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Small percent of physicians responsible for costly doctor errors

Most New Jersey residents would probably agree that a few bad apples can appear to ruin the whole bunch. This is true in any number of professions, where a relatively small percentage of people can make serious mistakes can prove costly to everybody else. In the medical profession, it is vitally important to be meticulous in one's practice and adhere to the standards of care for one's area of expertise. If not, one can be subject to medical malpractice accusations -- even worse, a patient can be seriously harmed or even inadvertently killed in some situations.

Interestingly, a new report shows that only a small percentage of physicians are responsible for almost one-third of America's medical malpractice payouts. The study, which was published in a recent issue of the New England Journal of Medicine, showed that just 1 percent of active U.S. doctors were involved in 32 percent of the total number of paid malpractice claims during a recent ten-year time span. The study also indicated that most doctors don't have a paid claim at all: only about 6 percent of all active U.S. doctors even had one paid claim.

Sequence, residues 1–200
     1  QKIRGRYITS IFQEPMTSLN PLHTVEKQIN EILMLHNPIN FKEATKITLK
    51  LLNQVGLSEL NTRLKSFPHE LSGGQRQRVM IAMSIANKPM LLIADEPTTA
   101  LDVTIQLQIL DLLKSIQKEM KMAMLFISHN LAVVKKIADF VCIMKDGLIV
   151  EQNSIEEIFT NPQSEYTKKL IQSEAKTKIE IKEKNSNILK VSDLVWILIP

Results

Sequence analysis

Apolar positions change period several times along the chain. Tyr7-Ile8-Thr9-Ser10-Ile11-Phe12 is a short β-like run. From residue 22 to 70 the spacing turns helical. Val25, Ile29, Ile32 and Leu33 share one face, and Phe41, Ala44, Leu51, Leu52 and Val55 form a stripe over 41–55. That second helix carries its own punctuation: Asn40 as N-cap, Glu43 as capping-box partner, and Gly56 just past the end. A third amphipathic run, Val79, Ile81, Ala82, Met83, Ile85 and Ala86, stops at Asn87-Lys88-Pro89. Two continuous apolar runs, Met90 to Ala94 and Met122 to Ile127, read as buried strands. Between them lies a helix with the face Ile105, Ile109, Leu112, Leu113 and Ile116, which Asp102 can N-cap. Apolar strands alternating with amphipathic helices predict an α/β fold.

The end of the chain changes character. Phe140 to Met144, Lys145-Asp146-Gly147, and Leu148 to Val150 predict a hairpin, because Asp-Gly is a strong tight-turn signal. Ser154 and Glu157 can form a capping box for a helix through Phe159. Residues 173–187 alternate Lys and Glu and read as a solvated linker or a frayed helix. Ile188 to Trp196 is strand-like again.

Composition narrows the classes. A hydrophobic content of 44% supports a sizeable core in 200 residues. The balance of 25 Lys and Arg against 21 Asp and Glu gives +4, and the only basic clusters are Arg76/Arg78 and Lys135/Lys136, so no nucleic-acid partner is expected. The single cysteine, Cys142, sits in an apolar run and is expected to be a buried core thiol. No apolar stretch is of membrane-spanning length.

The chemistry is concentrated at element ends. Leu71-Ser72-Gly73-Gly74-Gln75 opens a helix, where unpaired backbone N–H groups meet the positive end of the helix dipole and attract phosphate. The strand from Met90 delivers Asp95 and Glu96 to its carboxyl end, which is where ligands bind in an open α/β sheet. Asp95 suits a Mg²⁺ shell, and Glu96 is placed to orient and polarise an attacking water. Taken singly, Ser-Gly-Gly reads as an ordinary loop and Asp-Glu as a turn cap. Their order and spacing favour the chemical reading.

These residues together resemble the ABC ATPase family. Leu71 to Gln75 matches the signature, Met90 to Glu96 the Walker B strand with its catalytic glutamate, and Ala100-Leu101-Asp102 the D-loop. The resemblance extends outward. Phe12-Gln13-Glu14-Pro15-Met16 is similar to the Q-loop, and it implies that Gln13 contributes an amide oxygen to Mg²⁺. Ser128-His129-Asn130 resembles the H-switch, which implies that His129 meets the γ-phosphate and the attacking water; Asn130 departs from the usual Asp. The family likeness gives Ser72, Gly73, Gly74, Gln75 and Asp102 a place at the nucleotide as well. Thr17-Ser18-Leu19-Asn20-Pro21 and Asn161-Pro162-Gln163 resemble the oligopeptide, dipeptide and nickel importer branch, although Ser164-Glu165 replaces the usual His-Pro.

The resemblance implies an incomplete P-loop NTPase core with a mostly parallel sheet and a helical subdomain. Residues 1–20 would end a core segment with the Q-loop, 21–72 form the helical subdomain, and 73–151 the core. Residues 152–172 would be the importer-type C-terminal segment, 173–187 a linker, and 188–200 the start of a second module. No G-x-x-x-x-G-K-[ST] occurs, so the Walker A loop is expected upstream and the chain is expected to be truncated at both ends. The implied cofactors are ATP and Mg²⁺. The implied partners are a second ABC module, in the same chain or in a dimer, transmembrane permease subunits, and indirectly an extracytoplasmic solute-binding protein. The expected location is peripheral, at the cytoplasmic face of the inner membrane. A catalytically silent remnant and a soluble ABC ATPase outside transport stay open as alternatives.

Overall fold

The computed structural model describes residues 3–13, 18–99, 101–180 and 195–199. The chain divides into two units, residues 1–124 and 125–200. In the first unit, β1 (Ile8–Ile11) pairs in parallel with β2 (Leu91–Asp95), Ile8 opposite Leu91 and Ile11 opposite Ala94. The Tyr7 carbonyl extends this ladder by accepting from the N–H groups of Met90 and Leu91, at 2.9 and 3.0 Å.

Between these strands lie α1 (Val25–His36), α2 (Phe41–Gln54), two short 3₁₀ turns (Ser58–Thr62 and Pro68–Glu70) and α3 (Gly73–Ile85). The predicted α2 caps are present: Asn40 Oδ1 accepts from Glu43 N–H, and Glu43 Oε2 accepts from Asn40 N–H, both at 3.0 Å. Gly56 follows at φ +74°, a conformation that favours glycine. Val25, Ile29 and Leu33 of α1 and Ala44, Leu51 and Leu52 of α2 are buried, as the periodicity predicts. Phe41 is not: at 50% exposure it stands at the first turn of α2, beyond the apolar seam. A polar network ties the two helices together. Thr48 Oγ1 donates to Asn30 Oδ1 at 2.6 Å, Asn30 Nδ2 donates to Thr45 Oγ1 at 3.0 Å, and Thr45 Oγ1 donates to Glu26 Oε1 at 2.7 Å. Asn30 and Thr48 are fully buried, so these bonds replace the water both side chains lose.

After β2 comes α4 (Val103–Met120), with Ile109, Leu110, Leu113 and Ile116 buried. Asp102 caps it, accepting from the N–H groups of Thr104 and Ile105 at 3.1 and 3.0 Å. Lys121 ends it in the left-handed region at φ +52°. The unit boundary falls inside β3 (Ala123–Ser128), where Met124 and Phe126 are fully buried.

The study also found some commonalities among physicians who had malpractice claims. For the most part, doctors who were found to be at risk of incurring future claims were most likely to be male and working as OB/GYNs, neurosurgeons, orthopedic surgeons and general surgeons. This may not be surprising, because fatal medical errors involving pregnant women can affect two patients, both mother and baby, while wrong-site surgery and other surgical errors can also be devastating.

Of course, all errors in the medical field have the potential to cause serious harm. Physicians who prioritize the safety and well-being of their patients at all times are invaluable to the community. Doctors who skimp on safety and work carelessly or even recklessly can be held responsible for their errors. Seeking an experience attorney in cases such as these can help those affected form a solid plan of legal action.

Source: U.S. News & World Report, "Small number of doctors trigger big share of malpractice payouts," Karen Pallarito, Jan. 27, 2016

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